Given the states of both the world and my psyche, I thought I’d run through Homo Sacer again. Unfortunately, I’d forgotten how it starts with a really abusive misunderstanding of Foucault. It’s like he read The History of Sexuality and D&P (worst translated name ever), and pretended that he hadn’t notice The Birth of the Clinic. At any rate, it was too much, and now I’m reading Borges short stories.
The next book I’m going to write about is Agamben’s Homo Sacer, and it’s taking a while because I’m reading the whole thing. It’s not particularly long, but I have lost the habit of plowing through works like this while retaining their high-points. Hopefully this will come a little easier as things go on. By the time I get to Did Somebody Say Totalitarianism I’ll get the reading done in a day and the only thing that will push the review back is me running out of synonyms for “fucking awesome.”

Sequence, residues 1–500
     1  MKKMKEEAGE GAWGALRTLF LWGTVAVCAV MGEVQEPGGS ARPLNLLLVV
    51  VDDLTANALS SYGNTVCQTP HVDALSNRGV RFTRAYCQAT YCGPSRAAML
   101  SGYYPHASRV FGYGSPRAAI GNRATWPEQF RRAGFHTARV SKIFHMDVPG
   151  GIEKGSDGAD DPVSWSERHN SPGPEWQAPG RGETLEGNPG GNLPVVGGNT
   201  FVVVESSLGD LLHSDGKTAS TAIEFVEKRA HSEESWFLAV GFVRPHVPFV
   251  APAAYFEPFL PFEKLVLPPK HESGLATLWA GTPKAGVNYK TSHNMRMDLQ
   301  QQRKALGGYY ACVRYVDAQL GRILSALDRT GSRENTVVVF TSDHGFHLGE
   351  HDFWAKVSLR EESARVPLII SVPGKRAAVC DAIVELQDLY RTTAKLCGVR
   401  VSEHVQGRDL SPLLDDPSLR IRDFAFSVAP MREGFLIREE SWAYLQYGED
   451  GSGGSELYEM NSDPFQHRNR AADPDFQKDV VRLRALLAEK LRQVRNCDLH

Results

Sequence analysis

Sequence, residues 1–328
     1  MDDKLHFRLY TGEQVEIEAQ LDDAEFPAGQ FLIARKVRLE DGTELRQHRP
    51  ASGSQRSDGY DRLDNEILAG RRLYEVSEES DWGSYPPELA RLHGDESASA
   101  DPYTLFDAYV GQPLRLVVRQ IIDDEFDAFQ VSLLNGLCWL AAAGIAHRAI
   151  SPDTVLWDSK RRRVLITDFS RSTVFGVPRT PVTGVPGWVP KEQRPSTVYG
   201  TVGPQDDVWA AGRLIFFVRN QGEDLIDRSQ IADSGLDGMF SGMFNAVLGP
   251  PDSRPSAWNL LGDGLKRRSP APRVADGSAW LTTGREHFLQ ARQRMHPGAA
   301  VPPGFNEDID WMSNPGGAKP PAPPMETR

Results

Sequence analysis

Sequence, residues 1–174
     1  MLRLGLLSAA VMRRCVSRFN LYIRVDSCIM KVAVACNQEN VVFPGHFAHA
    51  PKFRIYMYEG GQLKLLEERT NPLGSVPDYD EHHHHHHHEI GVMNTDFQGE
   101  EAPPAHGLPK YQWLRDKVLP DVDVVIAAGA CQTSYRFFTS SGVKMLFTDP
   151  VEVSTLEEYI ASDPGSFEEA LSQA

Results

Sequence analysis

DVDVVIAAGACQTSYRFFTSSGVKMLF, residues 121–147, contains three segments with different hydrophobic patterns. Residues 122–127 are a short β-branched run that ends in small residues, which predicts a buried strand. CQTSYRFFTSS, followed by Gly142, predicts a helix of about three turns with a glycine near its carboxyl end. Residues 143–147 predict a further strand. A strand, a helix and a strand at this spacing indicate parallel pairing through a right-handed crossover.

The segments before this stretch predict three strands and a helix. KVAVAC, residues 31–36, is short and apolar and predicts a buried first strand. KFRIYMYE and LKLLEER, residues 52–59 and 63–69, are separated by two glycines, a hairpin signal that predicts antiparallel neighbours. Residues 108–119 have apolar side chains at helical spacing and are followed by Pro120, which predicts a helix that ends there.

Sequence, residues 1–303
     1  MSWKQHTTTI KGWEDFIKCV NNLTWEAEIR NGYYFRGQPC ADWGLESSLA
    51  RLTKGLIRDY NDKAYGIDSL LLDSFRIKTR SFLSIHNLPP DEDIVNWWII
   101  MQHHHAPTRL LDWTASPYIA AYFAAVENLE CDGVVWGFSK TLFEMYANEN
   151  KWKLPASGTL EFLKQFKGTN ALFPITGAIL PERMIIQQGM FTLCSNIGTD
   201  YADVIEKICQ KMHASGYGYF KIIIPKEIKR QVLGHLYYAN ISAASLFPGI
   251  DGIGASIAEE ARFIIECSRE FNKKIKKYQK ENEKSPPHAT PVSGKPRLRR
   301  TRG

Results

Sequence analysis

What has already been called clearly to mind, however, is that Homo Sacer is a real mixed bag. While it is full of interesting and original insights it tries to carve out additional territory for itself by basically claiming that Foucault didn’t observe or analyze things that any honest reading will show quite clearly that he did. I don’t know if it’s cojones or craziness that drives a man to suggest that he has one-upped Foucault in the realm of penality (I know, right?), but it doesn’t come off well. My margins are full of comments like “fuck you” and “shut up,” and there is even a paragraph I scratched out (although not so densely that I couldn’t refer to it in the future.) Definitely some first-rate disingenuous bullshit going on with ol’ George.
Nevertheless, the good part is serious grade-A, and with this out of the way the next entry will almost certainly be unadulterated praise.